Debt Ceiling Scorecard

F*ckin’ Republicans…they spend all the money and then when it’s time to raise the debt ceiling to pay for what they spent they drag their feet right up to the August deadline. WTF?! That is some lame-ass politicking bullshit. Republicans are the problem. The truest words David Brooks ever wrote: “Republicans are not fit to govern.”





[My words in brackets.]

“As a senator, Mr. Obama voted against raising the [debt] limit himself [in 2006, when George W. Bush was maxing out America’s credit card to the tune of $Trillions of Dollars$ giving tax cuts for the majority benefit of the Superwealthy and sending us on a wild-goose chase for non-existent WMDs in Iraq – yeah, while Osama bin Laden was in Pakistan the whole time]….

“Q. How many times has the debt ceiling been raised, and by whom?

A. It has been a bipartisan exercise. By the Treasury Department’s count, Congress has acted 78 times since 1960 to raise, extend or alter the definition of the debt limit — 49 times under Republican presidents, and 29 times under Democratic presidents. The Obama administration has taken pains to note that President Ronald Reagan, a hero to many Republicans in Congress, raised the debt limit. In a letter on the debt ceiling last month to Republicans in the Senate, Treasury Secretary Timothy F. Geithner quoted a letter Mr. Reagan wrote a generation ago, urging Congress to increase the debt limit. ‘The full consequences of a default — or even the serious prospect of default — by the United States are impossible to predict and awesome to contemplate,’ he quoted Mr. Reagan as writing. ‘Denigration of the full faith and credit of the United States would have substantial effects on the domestic financial markets and on the value of the dollar in exchange markets. The Nation can ill afford to allow such a result.’

Q. How has the debt risen this high, and how much are we paying in interest as a nation?

A. The United States has not always operated with such a large debt. After financing World War II with substantial borrowing, the outstanding debt held pretty stable for the next 25 years, going up to $283 billion in 1970 from $242 billion in 1946. But over the last 30 years, the debt has increased under every president — with the biggest increase under President George W. Bush, who cut taxes, added a drug benefit to Medicare and fought two wars. As the debt has grown, so have the country’s interest payments. In 2003, for instance, the government paid about $150 billion in interest costs; this year it is up to $250 billion. These interest payments are taking up more federal spending now than federal outlays on education, transportation and housing and urban development combined. Though the interest costs are substantial, they have remained lower than some economists predicted because the world has continued to lend money to the United States at very low interest rates, even as the nation’s debt has grown….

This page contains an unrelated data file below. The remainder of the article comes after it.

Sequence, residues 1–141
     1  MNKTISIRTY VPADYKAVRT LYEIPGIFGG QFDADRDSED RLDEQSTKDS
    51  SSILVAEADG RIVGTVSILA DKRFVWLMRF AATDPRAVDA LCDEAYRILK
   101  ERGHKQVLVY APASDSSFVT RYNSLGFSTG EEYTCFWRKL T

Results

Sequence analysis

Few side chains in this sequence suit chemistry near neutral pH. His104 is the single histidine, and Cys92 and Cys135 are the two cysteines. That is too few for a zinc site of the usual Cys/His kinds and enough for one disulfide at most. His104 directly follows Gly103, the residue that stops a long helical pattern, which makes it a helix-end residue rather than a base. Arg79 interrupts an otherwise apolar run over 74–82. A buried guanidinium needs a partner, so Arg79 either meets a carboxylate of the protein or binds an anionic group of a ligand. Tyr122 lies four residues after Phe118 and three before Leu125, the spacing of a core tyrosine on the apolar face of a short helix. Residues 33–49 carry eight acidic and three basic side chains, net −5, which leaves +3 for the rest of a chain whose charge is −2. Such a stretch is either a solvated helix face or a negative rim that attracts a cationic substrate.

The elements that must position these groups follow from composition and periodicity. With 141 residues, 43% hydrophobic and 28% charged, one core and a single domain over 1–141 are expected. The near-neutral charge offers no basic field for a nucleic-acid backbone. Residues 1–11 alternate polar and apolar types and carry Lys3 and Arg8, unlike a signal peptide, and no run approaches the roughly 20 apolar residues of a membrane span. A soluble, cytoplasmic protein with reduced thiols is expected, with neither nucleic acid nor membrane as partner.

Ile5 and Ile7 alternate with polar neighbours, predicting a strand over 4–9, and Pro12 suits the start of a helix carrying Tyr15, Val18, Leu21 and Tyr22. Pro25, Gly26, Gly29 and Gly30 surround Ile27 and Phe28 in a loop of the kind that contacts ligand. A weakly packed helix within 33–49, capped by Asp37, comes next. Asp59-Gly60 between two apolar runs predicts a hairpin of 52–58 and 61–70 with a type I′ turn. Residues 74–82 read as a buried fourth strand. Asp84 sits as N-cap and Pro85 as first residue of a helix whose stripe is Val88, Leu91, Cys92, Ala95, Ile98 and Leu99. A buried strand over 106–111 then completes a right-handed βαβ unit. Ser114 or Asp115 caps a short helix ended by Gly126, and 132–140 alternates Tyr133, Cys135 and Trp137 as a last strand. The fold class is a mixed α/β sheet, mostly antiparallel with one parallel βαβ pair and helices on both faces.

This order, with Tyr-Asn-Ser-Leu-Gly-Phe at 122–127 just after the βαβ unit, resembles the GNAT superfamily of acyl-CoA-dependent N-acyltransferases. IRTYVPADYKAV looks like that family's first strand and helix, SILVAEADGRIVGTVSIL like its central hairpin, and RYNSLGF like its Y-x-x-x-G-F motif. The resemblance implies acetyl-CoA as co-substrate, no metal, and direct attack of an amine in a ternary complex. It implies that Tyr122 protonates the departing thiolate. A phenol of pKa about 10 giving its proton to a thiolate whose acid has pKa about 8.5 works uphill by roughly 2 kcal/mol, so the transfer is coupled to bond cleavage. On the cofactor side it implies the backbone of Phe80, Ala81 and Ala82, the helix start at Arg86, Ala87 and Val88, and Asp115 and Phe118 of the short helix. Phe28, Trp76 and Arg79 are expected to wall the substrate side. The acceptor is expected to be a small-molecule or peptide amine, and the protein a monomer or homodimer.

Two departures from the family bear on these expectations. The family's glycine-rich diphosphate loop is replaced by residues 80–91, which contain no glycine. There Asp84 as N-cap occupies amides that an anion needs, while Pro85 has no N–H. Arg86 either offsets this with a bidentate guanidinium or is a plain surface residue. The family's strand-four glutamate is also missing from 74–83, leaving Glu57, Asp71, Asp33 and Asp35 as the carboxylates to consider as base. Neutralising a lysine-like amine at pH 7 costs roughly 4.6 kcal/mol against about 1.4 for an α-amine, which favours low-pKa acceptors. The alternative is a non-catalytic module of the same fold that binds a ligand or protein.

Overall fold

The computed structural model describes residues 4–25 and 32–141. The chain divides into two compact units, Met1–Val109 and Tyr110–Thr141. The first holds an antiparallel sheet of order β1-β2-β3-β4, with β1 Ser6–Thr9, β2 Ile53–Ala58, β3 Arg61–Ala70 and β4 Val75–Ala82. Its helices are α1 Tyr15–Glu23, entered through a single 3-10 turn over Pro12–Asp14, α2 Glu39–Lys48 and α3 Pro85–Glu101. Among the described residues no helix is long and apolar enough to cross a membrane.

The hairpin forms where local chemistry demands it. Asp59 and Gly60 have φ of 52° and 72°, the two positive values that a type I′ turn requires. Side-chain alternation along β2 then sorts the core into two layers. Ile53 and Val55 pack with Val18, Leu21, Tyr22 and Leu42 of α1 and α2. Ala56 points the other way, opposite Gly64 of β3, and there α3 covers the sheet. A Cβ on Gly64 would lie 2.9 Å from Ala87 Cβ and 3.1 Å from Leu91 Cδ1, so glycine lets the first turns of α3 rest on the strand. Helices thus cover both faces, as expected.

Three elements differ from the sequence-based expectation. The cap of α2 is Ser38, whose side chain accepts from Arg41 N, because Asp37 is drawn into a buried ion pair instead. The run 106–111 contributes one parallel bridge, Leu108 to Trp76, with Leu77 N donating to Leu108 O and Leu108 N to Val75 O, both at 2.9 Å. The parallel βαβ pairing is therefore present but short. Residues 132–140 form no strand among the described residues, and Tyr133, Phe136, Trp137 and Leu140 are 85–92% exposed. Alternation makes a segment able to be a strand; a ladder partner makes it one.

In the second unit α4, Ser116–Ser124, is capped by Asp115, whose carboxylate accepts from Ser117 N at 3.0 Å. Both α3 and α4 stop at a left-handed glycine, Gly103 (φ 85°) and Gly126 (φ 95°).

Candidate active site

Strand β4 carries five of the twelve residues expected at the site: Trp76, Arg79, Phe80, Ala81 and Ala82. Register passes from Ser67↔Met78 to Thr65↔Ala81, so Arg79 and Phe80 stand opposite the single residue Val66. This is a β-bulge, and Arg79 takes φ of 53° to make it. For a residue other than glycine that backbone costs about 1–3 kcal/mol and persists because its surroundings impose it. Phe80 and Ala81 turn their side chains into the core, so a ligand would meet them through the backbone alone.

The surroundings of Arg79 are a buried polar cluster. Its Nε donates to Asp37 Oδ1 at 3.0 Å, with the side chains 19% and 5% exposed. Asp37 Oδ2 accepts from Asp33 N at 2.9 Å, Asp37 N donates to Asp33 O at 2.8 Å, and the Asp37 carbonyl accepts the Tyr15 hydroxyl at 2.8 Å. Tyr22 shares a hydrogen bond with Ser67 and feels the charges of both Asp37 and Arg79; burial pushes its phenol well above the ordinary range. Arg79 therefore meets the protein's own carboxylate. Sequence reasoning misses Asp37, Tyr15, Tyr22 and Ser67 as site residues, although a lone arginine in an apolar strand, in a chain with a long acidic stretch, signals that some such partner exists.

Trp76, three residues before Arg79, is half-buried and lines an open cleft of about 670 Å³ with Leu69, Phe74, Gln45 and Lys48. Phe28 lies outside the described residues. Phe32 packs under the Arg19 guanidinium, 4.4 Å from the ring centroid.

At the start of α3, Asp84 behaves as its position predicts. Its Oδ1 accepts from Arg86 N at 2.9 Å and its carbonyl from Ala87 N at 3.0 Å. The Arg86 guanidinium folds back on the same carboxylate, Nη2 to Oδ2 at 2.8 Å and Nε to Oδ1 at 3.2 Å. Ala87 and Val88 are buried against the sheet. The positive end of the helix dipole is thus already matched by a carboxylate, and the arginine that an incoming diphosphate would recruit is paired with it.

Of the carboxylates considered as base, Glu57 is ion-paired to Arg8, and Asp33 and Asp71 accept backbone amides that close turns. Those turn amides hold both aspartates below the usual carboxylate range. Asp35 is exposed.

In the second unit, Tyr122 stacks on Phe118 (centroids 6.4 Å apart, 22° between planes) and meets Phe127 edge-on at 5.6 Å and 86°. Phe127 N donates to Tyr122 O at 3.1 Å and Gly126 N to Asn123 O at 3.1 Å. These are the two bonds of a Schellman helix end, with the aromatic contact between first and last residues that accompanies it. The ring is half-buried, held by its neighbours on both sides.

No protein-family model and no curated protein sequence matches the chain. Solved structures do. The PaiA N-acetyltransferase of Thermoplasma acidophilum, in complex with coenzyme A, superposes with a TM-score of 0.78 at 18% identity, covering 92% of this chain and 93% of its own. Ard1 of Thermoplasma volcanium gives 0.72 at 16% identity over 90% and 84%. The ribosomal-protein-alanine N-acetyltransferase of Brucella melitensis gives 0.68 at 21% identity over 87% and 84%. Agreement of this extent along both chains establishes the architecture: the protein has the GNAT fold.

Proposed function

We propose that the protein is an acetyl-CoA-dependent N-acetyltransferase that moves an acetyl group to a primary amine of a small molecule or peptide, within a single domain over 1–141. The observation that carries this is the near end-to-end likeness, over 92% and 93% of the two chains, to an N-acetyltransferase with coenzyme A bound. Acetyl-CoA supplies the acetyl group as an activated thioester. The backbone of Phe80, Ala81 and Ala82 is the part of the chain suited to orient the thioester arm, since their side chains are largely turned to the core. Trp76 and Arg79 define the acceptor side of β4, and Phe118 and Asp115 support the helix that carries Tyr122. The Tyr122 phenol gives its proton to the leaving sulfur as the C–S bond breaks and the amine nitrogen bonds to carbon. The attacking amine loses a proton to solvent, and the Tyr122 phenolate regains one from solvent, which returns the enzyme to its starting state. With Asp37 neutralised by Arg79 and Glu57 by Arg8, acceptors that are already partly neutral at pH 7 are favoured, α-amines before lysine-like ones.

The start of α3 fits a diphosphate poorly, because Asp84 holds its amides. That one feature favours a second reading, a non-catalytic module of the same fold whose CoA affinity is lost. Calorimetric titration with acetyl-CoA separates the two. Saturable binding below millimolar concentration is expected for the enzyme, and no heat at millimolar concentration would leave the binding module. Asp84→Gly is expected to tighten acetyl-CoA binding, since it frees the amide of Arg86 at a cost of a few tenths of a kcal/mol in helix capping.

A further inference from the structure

Q. Republicans and Democrats alike keep talking about the need to reduce the federal deficit. Won’t refusing to raise the debt limit cut the deficit?

A. No. The debt limit, or ceiling, which is the amount that the nation is allowed to borrow, must be raised if the United States is to pay for all the things that Congress has already bought: the spending in the budget bills it has already passed, the Social Security checks promised to retirees, the payments due to private companies with federal contracts and the interest on bonds it has sold. Washington has long spent more money than it takes in, and planned to make up the difference with borrowing. Both parties agree that this cannot go on forever. But if the debt limit is not raised, it will not cut the nation’s deficit or allow the government to get out of its existing obligations. It will simply make it impossible to borrow the money that the government needs to pay for them….

The Bipartisan Policy Center analysis notes that if the government were to choose to pay the interest on its debt, Social Security benefits, Medicaid and Medicare payments, defense contractors and unemployment benefits, it could not have enough left to pay for the salaries of federal workers and members of the military, Pell grants for college, highway construction or tax refunds, among other things….

Then, consumers could also feel the pinch: because the interest rates paid by corporations and consumers in the United States are tied to the rate the nation pays, interest rates could go up for everything from credit cards to mortgages. A homeowner with a mortgage for $100,000 might see her annual mortgage costs go up by $100 to $200 a year, economists say.”


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